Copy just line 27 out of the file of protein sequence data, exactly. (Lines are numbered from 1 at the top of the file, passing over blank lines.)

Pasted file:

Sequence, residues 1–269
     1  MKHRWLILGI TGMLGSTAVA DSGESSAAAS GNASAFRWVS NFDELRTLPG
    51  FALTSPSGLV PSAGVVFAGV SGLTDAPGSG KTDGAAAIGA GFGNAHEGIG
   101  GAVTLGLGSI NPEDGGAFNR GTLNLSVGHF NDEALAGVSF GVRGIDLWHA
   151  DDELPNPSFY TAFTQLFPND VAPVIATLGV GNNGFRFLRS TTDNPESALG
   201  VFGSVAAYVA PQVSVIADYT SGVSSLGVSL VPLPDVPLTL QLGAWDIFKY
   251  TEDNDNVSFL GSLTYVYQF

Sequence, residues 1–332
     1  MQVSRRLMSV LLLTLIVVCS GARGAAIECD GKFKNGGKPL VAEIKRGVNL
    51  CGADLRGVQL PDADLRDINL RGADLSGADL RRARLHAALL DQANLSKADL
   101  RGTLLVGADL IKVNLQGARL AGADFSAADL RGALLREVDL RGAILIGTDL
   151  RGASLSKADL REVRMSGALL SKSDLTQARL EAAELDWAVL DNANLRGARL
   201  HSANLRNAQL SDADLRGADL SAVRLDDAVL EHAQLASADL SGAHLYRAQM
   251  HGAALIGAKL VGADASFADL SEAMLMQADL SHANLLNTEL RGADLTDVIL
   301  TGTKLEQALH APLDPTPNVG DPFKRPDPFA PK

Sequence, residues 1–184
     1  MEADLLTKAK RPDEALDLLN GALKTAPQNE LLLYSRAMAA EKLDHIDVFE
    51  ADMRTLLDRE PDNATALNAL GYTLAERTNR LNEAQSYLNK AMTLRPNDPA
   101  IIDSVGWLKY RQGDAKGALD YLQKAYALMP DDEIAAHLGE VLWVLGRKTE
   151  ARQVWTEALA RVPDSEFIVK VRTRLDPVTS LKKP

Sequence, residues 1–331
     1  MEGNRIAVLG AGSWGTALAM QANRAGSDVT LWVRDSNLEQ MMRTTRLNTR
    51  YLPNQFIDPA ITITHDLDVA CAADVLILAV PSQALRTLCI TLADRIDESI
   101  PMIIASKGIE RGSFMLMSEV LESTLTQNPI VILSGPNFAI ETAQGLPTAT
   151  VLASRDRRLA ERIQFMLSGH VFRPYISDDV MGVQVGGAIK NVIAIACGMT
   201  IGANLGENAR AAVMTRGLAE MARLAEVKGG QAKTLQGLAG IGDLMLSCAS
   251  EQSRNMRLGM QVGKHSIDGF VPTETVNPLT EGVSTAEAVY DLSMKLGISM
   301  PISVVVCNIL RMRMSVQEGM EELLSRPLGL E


   251  EQSRNMRLGM QVGKHSIDGF VPTETVNPLT EGVSTAEAVY DLSMKLGISM